Thursday, May 06, 2010

Storyteller’s Rulebook #14: Take Away the Safe Spaces

Here’s a follow-up to yesterday’s rule about throwing away the map. I finally got around to seeing the first Twilight movie, which made for a baffling and dispiriting evening. Obviously, I knew it was teen-targeted melodrama, so I expected to find the tone a little overwrought, but, given the popularity of it all, I assumed that at least the plotting would be pretty solid. Hoo boy, it wasn’t.

A girl falls in love with a vampire. He lives in a house full of incestuous vampires but he tells her she can trust them because they’re all vegetarians. Sure, someone keeps sucking the blood out of the local townspeople, but it’s not them, he promises. The girl shuns her loved ones and puts all her trust in this new family... …so I keep waiting for the scene where the cult she’s joined turns out to be evil, right? It doesn’t happen. It turns out that she’s joined a good cult. The bloodsuckers turn out be a few bad apples who got shunned from their shiny happy family.

Going into the second half, things get even more backwards. The three bad apples decide that they want to steal the girl from the seven good guys. One of our heroes does the math and announces: “Well this won’t be so hard, there are seven of us and three of them.” Now, usually in a story, this would be the cue for the good guys to start getting killed off one by one until it’s down to just our young lovers against the three killers.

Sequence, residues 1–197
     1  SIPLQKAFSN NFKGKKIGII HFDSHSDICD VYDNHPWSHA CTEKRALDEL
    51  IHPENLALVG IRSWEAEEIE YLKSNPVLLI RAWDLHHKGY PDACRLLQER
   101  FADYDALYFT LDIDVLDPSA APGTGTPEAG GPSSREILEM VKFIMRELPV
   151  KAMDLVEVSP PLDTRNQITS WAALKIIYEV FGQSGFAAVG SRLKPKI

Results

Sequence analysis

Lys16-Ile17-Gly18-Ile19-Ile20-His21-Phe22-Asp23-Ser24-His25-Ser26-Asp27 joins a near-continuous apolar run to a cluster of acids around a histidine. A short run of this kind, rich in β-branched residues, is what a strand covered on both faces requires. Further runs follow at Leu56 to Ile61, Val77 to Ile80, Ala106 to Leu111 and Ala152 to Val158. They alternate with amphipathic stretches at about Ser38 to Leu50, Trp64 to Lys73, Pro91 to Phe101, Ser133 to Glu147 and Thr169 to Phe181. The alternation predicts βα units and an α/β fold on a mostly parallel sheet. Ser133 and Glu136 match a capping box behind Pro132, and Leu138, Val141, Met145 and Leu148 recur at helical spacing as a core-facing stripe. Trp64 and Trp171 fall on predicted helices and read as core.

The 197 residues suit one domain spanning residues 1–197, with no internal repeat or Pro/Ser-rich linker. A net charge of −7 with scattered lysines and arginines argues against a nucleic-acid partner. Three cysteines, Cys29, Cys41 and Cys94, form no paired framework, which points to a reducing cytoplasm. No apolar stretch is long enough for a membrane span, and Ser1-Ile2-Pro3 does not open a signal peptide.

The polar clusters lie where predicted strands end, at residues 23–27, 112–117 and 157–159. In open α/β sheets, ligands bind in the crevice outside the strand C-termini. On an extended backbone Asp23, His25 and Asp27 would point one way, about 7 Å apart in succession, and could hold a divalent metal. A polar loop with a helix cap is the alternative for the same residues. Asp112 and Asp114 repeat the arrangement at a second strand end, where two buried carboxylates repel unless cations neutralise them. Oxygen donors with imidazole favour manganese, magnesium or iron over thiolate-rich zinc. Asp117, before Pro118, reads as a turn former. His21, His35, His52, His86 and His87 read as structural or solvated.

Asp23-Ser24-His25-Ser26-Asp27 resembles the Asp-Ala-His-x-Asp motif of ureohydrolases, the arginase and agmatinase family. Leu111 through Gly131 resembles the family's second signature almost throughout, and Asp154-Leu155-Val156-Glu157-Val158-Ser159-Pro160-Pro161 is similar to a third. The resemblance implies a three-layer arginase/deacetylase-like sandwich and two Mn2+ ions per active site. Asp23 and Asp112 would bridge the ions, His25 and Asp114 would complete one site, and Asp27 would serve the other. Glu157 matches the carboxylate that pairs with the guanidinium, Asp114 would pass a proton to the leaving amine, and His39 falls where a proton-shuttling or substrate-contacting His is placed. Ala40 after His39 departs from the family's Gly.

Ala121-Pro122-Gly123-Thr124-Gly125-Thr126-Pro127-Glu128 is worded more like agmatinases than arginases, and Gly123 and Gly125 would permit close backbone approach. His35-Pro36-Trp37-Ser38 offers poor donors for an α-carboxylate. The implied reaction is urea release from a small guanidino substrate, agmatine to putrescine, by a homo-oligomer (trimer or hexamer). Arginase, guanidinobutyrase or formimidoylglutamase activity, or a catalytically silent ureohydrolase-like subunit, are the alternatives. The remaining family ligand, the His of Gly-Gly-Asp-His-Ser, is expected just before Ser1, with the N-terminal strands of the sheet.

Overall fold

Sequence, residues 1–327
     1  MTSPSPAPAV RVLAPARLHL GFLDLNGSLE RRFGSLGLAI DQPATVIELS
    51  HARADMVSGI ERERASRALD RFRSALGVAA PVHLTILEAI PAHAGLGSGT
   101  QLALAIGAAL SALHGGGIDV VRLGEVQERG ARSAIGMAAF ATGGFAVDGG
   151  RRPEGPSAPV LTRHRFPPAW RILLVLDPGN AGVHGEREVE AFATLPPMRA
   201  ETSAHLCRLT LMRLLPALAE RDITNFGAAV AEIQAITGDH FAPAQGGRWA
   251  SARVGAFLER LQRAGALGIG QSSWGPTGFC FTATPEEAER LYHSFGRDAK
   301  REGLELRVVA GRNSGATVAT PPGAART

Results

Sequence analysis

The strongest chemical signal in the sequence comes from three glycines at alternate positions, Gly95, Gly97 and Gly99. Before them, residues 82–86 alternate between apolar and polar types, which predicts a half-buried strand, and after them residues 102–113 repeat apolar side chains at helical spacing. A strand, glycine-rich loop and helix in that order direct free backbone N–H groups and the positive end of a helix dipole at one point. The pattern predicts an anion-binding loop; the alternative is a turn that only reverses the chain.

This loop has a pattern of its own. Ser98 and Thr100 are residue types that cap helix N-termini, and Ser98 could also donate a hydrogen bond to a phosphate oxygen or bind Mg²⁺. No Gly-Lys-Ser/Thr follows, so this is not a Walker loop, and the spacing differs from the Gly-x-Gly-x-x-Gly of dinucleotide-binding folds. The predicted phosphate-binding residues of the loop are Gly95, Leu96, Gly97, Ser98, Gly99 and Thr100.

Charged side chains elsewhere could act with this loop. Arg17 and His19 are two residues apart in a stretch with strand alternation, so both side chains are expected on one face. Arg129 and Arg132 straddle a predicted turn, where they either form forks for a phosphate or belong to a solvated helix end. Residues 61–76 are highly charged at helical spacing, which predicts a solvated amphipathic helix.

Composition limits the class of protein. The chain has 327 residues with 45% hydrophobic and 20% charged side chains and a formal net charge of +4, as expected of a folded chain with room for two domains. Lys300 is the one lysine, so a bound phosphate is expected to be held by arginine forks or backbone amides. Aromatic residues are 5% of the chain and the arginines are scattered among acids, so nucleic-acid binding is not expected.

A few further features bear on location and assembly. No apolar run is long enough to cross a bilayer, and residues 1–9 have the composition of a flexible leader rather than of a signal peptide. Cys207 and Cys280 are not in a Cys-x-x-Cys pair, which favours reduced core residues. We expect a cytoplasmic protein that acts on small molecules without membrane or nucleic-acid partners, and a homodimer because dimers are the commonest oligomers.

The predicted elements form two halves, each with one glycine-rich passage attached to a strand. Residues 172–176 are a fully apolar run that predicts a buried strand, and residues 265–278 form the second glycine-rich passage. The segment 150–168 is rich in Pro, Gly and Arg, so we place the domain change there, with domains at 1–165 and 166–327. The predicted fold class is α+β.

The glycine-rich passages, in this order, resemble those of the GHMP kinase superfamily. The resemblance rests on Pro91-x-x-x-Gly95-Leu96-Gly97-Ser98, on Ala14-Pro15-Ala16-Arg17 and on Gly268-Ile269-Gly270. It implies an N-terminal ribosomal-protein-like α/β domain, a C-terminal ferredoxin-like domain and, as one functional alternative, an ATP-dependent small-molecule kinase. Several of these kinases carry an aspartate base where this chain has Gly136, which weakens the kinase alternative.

But once again, my expectations were confounded. Instead, the odds shift in favor of the good guys. One of the three bad apples shows up on their doorstep because he feels bad about all the fighting, and he wants to make amends by telling the good guys everything they need to know! Then one of the last two bad guys decides to go on vacation for some reason. The odds are now 7-1, good over evil. Guess what happens when the one remaining bad guy attacks our heroine? The seven good vampires immediately pounce and tear him limb from limb. End of movie. (Except for twenty minutes of prom.)

This brings us to a variation of “Tear Up The Map,” which is “Any Place That Appears To Be Safe in the First Half, Should No Longer Be Safe In The Second Half.”


Anonymous said...


Does it help that the one reformed bad guy tries to eat her in the second book?

Anonymous said...

I guess I see your point, that, in order for there to be conflict, the "good" side should turn out to be evil. My problem with that is that we've come to expect that. Most stories turn out that way, so there shouldn't be any problem with trying to shift the dynamic or the expectations. Even you admit to being caught off-guard -- though the movie is a waste of time, at least it tried something new in its' storytelling.

Daniel Smith said...

Meh...the movie is better than the book in one major respect: it doesn't wander incessantly. It at least has a structure, flawed or otherwise.

The book generally gets D- ratings for every category of writing except the only one that matters: creating a powerful emotional experience in the reader which manages an astounding A+++ for the target market which is teen girls.

Oh, and technically, since Bella starts out with something of a death wish then siding with the Cullens actually works in terms of her character development, ludicrous or not. It doesn't hurt that her pre-existing desire to die and her new desire to get the guy happen to be one and the same. So the general rule to read the book before watching the movie is really important in this story IMO.

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